Authors: Ryan Miller*, University of California, Davis
Topics: Hazards, Risks, and Disasters, Urban and Regional Planning, United States
Keywords: flood, risk, climate gentrification, oregon, colorado, north dakota, fluvial, insurance, floodplain, development
Session Type: Virtual Paper
Presentation File: No File Uploaded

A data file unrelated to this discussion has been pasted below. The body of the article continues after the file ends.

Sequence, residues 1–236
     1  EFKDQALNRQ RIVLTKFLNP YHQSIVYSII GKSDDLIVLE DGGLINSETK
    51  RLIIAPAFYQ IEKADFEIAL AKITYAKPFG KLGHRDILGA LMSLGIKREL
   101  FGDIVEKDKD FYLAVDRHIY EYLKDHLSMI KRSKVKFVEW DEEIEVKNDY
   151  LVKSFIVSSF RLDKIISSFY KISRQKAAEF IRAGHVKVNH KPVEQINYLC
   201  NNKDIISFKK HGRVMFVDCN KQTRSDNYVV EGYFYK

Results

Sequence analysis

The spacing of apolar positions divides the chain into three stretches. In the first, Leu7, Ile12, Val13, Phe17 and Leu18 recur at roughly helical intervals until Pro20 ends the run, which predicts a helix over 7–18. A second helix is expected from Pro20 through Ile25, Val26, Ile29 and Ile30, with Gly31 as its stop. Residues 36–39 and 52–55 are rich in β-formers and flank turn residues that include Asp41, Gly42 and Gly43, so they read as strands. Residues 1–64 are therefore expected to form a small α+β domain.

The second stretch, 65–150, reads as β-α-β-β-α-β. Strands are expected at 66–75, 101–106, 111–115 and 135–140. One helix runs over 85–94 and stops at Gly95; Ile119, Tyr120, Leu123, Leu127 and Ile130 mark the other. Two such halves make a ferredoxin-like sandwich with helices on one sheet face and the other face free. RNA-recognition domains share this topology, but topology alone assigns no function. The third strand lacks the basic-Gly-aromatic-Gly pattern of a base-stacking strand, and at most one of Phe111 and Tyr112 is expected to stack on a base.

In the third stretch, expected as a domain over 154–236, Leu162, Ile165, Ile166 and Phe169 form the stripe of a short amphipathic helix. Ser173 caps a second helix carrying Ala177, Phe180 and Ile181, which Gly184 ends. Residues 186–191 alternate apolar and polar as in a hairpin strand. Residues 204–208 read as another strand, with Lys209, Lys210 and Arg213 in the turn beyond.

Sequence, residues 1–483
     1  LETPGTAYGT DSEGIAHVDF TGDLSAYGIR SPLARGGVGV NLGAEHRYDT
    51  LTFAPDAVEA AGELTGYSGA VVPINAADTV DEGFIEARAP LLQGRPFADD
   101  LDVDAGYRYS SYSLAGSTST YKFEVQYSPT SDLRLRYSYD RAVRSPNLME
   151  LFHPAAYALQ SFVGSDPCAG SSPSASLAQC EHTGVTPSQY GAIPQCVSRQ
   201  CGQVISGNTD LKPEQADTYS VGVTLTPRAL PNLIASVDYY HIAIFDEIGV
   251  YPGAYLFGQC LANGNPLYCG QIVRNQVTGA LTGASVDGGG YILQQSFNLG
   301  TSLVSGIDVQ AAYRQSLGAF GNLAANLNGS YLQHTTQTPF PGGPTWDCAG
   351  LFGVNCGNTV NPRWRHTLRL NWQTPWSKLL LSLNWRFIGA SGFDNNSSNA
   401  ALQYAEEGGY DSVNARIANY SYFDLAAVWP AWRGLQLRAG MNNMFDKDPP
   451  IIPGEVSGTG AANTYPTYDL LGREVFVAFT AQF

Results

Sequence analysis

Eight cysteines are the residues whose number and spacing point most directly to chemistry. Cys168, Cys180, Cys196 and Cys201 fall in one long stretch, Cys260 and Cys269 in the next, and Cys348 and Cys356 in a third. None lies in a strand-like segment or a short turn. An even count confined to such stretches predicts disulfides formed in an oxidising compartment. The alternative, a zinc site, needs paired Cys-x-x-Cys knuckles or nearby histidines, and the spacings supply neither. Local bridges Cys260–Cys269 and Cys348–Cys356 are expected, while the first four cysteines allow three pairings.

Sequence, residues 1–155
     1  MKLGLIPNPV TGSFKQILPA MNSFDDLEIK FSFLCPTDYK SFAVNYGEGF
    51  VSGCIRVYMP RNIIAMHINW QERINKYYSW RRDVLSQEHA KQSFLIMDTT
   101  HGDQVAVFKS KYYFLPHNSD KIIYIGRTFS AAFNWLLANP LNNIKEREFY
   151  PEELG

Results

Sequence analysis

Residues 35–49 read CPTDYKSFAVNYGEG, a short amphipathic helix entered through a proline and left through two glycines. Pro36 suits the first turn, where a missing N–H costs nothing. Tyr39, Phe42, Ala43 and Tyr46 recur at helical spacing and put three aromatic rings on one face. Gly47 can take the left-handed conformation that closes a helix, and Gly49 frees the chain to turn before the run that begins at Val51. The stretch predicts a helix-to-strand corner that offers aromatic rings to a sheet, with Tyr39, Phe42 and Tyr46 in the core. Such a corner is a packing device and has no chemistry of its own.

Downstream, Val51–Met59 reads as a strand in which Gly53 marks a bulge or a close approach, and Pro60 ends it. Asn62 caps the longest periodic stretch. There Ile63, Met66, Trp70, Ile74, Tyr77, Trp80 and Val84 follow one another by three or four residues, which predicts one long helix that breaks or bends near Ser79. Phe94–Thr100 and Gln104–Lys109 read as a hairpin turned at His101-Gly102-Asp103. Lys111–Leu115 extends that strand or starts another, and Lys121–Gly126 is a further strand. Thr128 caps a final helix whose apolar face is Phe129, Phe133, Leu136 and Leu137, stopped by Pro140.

The relationship between perceived hazard risk and real estate prices has long been of interest to economic, policy, and planning researchers. This paper uses 17 years of property transaction information provided by Zillow to better understand the relationship between high-intensity urban flooding events and residential real estate markets in the post-flood period. This relationship is examined in three counties which each experienced significant fluvial flooding events between 2009 and 2013: Benton County, Oregon; Boulder County, Colorado; and Cass County, North Dakota. The analysis aimed to first detect the presence of any price discounting in affected areas following an event, and second, where such discounting is detected, quantify any eventual rebound in property values in an effort to determine the duration of such discounting. Our results show evidence of sustained price discounting following a catastrophic flooding event in Benton County, Oregon. While this is favorable from a risk-capitalization and insurance market standpoint, it also points toward entrenched housing inequity in hazard-prone regions, where lower-income populations may be increasingly limited to living in harm’s way.